The Handheld Ultrasound Revolution

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Physicians can now pinpoint patient anatomy faster by performing an exam to assess cardiac function or detect arrhythmias right at the patient’s bedside.
Source: GE Healthcare
Handheld ultrasound devices have become a game changer due to their ability to facilitate rapid diagnoses and make imaging more accessible and immediate. Their pocket-size and low price tag puts them at physicians' fingertips, which could help explain why these devices saw a 21 percent surge in sales in 2010, according to "The U.S. Market for Compact Ultrasound Systems: Challenges & Opportunities—2010," a report issued by Klein Biomedical Consultants of New York City. However, despite soaring sales and clinical enthusiasm, there are still unsettled issues including reimbursement, the potential for overuse and decreased exam comprehensiveness.

Handheld: The new stethoscope?

"These devices are a revolution in miniaturization," offers Barry B. Goldberg, MD, director of the Jefferson Ultrasound Research and Education Institute at Thomas Jefferson University Hospital in Philadelphia.

And while handheld systems allow physicians to perform real-time imaging exams at pint-sized prices ($8,000 vs. as much as $250,000 for full-sized systems), there are trade-offs in terms of exam comprehensiveness and image quality. Handheld devices may weigh less than two pounds and have display screens that measure 3.5 inches with a 240x320 pixel resolution, which means some more intricate diagnoses—such as kidney obstruction—may not be feasible because the devices cannot perform additional measurements and look at other anatomy like the liver or spleen.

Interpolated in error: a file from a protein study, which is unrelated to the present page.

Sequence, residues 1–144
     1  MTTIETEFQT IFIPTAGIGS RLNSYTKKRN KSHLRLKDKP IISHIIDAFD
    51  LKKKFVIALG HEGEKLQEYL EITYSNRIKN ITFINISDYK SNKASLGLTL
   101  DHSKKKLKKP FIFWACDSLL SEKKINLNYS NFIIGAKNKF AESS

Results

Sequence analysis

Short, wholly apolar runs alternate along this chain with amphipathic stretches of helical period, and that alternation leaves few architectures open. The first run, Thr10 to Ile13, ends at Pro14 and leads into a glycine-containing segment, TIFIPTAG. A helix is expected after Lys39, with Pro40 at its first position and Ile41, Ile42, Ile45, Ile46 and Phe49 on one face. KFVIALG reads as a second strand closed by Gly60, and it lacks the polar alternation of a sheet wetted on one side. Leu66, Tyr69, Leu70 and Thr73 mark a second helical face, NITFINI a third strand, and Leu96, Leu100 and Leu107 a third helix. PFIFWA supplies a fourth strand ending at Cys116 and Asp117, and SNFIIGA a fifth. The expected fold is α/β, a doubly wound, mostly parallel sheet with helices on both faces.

Another pitfall of these pocket-sized systems is difficulty archiving images, says Christopher L. Moore, assistant professor, department of emergency medicine at the Yale University School of Medicine in New Haven, Conn.

Because most handheld systems do not yet have wireless connectivity, physicians can't archive images directly to PACS or input patient information. "To permanently archive these images, you must match the patient name with the number of the image. This process is prone to error," explains Moore.

As handheld use becomes more widespread, there also is potential for overuse, adds Jonathan W. Berlin, MD, clinical associate professor of radiology at the University of Chicago Pritzker School of Medicine. Overuse can lead to greater aggregate cost and "will increase the need for more vigorous quality assurance," continues Berlin.

Reimbursement: Great unknown

The million dollar question that remains is: will physicians be reimbursed for less comprehensive exams?

"All of a sudden physicians are doing hundreds of ultrasound exams. There is only so much money in the pot, so if you are using this like a stethoscope, I anticipate that the government will no longer cover these very basic, quick exams," Goldberg predicts.

Currently, reimbursement varies on a state-by-state basis. While some third-party payors cover quick scans, others will only cover more comprehensive ultrasound exams performed by larger, cart-based systems.

In addition, handheld devices are meant to look at a single problem, but if a physician finds a lesion, a more comprehensive exam would be necessary and the physician would be less likely to be paid for the handheld exam, says Berlin.

As the market expands, will handheld systems find their place? There has been a boom in sales, greater accessibility and a spike in imaging. Berlin, however, ends with a caveat. "These devices are powerful technology so there must be a balance between making sure people know how to use them and not restricting use, which could be a tough balance to find."